A majority of the respondents connect migration with an increased risk of terror attacks. Between 79% (France) and 90% (Great Britain) of the respondents agreed with the statement, “Among the many migrants who come to Europe, there are also potential terrorists.” Consequently, most of them are in favor of reinstating border controls in the EU and thus doing away with the Schengen Agreement. Only Polish respondents preferred to keep the Agreement intact.
In France, pollsters noted an exceptionally critical attitude toward immigrants. The images people held of new and already-settled immigrants were often driven by fear, which is a major obstacle in the way of their willingness to take in more migrants. Accordingly, the first, spontaneously uttered words of French respondents to the survey usually bore negative connotations. The most frequently mentioned terms were: “insecurity/criminality,” “problem,” and “misery.”
It has become clear that this negative attitude is directed not just at newly-arrived refugees, but is based on the perception of shortcomings in previous efforts to integrate migrants. Only 29% of respondents in France believe that earlier migrants are well-integrated. On this question older people are more critical than younger ones—only 23% of respondents over 65 think that people with a migratory background are well-integrated, versus 34% of respondents under the age of 35. Likewise, blue collar workers and low-level white collar employees take a more hardline view of previous integration efforts than do better-off salaried employees (24% to 36%). Not surprisingly, the supporters of Fillon and Le Pen (18%) take a more negative position than do those who back Macron (41%) and Mélonchon (43%).
It is not simply that more than 70% of French respondents think that people with a migratory background are poorly integrated into French society; rather, in attempting to explain the failure of those efforts, they cite reasons that pin the blame squarely on the migrants themselves rather than on France’s misguided integration policies. French respondents name mastery of the language and common cultural reference points as the basic prerequisites for successful integration. Paradoxically, it is those who tend to see integration as fairly successful, and not the more critical respondents, who advocate enhanced integration efforts in those areas.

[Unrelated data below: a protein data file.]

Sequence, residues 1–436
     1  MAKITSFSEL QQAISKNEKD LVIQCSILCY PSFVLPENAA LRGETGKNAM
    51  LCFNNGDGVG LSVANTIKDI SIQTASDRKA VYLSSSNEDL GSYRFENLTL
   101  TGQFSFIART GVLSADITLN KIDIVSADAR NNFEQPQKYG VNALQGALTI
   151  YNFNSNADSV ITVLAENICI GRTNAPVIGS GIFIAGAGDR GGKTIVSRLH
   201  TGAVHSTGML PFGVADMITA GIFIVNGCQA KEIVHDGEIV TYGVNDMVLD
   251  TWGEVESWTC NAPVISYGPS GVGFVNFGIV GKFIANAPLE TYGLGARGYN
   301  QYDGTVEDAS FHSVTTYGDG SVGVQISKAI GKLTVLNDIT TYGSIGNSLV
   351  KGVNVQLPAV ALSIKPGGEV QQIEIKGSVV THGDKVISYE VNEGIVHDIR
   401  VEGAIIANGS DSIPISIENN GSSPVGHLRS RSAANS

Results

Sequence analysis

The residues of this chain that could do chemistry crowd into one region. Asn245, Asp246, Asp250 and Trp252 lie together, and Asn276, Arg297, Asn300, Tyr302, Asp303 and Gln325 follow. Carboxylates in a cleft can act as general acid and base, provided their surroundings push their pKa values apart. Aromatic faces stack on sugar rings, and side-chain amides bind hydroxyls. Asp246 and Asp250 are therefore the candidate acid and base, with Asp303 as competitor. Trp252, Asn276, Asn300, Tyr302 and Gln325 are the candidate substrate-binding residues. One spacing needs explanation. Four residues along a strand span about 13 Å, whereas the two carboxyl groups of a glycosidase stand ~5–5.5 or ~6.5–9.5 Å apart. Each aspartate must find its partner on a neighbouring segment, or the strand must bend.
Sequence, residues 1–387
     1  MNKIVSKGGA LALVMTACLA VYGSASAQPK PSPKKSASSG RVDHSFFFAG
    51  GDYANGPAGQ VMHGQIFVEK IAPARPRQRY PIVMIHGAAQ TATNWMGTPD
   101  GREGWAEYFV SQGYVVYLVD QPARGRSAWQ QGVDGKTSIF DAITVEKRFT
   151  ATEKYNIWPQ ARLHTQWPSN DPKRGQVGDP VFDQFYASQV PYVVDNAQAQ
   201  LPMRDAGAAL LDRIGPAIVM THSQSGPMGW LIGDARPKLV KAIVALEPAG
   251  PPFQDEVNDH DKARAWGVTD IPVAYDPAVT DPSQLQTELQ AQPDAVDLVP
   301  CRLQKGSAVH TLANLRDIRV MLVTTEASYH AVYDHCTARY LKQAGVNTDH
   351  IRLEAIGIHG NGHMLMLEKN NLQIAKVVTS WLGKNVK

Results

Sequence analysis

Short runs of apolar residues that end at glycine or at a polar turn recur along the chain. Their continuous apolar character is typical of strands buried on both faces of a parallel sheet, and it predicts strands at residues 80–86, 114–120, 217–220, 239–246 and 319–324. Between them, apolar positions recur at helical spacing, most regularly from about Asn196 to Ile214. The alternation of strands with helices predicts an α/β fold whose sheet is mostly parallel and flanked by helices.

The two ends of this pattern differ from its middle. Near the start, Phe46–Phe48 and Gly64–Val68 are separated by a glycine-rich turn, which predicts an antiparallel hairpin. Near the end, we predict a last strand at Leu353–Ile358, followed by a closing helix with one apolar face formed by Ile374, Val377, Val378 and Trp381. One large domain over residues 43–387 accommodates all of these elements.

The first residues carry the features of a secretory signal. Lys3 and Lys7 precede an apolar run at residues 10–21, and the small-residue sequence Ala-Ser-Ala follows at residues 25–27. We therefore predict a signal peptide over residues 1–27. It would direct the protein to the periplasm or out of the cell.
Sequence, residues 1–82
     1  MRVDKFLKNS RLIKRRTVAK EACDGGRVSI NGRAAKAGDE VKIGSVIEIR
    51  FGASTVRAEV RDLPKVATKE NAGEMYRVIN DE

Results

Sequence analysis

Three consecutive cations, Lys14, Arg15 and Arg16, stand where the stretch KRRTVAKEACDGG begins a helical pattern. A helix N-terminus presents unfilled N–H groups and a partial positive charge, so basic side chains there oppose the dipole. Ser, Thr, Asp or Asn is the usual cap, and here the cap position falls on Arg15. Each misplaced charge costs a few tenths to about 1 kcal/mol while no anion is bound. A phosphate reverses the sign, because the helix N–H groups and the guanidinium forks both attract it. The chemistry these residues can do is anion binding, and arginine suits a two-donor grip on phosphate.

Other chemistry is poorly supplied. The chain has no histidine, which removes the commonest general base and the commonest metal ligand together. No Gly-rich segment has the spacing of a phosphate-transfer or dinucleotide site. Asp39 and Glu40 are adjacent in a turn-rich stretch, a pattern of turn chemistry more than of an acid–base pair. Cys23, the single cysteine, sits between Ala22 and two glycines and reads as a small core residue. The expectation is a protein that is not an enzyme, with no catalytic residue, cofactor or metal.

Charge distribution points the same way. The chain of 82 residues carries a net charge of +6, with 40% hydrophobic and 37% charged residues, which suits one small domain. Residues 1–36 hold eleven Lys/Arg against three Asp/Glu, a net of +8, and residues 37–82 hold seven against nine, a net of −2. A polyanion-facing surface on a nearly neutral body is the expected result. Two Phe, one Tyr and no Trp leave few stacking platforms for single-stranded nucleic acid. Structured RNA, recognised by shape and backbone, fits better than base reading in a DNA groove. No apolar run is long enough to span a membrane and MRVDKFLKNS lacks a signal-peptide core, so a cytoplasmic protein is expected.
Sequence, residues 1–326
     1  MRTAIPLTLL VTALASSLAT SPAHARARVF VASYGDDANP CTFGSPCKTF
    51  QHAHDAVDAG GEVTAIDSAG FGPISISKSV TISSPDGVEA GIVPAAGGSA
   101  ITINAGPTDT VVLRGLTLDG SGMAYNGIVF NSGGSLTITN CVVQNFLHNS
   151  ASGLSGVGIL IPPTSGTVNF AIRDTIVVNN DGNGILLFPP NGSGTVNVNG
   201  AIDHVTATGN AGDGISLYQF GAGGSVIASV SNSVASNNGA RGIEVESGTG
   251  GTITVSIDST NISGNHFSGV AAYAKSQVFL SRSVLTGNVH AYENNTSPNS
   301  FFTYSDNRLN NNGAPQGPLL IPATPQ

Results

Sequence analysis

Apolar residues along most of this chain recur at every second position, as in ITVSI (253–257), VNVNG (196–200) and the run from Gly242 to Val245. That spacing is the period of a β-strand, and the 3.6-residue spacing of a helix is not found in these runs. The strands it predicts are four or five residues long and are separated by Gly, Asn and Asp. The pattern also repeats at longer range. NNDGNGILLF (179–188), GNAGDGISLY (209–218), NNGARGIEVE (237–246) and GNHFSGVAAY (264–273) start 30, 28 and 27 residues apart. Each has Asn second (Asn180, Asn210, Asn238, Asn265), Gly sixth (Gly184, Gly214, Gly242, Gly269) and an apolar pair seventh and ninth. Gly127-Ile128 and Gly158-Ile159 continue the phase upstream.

You can find the results of the survey, summarized by Jérôme Fourquet, in the publication “Europe and Immigration: The perception of migration in Europe and the ideas associated with it in France.”
Contacts in the Friedrich Ebert Stiftung;
Stefan Dehnert, FES Bureau, Paris
Freya Grünhagen, Western Europe and North America Section
How has public opinion on immigration evolved in specific European countries? One survey, commissioned jointly by the Jean-Jaurès Foundation and the Friedrich Ebert Stiftung, and carried out by the public opinion research institute Ifop, interviewed people on that question in four countries: France, Germany, Great Britain, and Poland.
A growing number of respondents in all four countries expressed confidence that migration will continue, primarily for economic reasons. The European public is becoming aware that migrants probably will keep arriving in Europe for some time to come, driven by “structural” factors, or at least that the ebb and flow of migrants will be a recurrent phenomenon. In addition, a majority of respondents in most of the countries assume that the newcomers will be permanent residents rather than transients. That was the view stated by 60% in France, 59% in Great Britain, and 55% in Germany.
There are differences in citizens’ current willingness to take in migrants. It is higher in Germany than in France and Britain, and far higher than in Poland. As might be expected, then, Germany is the only country in which a majority approves of the proposal to accept migrants in the framework of an EU-wide formula for distributing them throughout the member states. To be sure, in Germany the number of those saying that the country has reached the limits of its capacity to absorb and integrate migrants increased from 33% in September, 2015, to 49% two years later.
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